[00:08:42] Stu Heinecke: And so that’s a long time to hone a process, but at the same time, this process is able to pivot on a dime. There’s one weed that showed up in agricultural fields about, let’s say 10 years ago, it really started showing up it’s called waterhemp. It’s just a weed from hell because waterhemp releases up to 4.8 million seeds as an annual.
[00:09:08] Stu Heinecke: So it does that every year. It’s not divided over five or 10 years. Every plant can release up to 4.8 million seeds and it does it every year. And so these seeds they’re like little Careway seeds, they’re little tiny seeds. They stick to actually everything they stick to everything. And so when the farmer comes through the fields and with their combine machine and they start spreading those seeds around.
[00:09:28] Stu Heinecke: You’re never going to get rid of this plant. Now here’s the thing, agriculture uses herbicides a lot to control this problem. And it’s a problem because these weeds, they grow faster than, than, the crop species like barley and rye and even corn, they grow faster than those crops do.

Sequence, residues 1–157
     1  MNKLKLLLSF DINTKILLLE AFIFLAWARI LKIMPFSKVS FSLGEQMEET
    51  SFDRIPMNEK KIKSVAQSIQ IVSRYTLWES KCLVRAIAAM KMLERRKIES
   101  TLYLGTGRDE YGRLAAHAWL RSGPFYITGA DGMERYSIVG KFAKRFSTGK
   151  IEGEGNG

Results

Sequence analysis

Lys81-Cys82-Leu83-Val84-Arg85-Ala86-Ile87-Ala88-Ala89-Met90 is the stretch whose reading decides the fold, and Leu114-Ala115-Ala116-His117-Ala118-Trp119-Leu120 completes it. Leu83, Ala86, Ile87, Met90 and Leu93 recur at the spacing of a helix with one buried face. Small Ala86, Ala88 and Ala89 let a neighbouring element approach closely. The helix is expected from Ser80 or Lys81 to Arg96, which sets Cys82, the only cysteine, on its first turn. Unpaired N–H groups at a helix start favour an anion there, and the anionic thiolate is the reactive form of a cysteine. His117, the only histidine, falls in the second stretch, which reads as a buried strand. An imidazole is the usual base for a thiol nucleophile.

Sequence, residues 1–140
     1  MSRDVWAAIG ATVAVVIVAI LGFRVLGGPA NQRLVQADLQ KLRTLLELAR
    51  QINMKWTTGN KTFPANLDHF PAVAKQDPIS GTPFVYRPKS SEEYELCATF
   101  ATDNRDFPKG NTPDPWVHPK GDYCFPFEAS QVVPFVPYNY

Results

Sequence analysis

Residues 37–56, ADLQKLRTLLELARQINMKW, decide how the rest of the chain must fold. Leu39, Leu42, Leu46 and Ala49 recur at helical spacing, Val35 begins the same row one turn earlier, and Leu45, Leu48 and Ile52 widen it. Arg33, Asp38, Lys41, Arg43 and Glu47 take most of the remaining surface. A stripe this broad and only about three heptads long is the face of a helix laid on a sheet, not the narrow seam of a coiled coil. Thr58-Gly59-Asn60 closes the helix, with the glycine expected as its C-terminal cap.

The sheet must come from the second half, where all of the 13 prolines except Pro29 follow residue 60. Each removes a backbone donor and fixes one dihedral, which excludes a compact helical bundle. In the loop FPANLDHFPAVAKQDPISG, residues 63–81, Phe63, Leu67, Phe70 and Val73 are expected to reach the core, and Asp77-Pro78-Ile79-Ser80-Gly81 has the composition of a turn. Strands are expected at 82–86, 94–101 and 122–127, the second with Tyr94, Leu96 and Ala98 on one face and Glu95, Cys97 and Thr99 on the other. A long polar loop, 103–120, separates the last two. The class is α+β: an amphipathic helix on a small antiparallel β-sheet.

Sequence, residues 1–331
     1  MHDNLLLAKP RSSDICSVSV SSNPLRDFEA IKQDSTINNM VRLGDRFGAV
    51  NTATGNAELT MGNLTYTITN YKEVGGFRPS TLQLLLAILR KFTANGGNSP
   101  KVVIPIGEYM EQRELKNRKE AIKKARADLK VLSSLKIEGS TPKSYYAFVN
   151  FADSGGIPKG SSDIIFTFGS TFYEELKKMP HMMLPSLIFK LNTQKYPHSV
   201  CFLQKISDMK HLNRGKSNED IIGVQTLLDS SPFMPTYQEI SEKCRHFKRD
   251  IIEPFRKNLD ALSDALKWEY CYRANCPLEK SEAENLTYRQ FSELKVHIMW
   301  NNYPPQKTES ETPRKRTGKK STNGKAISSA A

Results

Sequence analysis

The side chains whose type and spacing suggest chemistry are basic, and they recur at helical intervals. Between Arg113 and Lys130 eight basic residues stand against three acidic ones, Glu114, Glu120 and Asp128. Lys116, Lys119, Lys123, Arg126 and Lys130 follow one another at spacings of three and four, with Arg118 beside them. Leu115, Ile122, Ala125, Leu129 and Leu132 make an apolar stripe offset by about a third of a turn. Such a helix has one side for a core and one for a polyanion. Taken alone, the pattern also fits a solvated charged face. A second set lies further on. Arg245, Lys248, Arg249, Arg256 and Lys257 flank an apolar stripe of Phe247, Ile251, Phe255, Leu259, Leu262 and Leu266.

[00:09:47] Stu Heinecke: So if they’re doing that and they germinate before the crops do, they’re going to just blanket the crops. So they have got to get rid of them.
[00:09:54] Stu Heinecke: Well, waterhemp has has developed immunity to Roundup in four years. So here’s an ancient process it’s running, but it was able to, to evolve around Roundup in four years. That’s incredible. And so I think I’m still answering the question, what if my company can’t do this, but I think, we can all do this.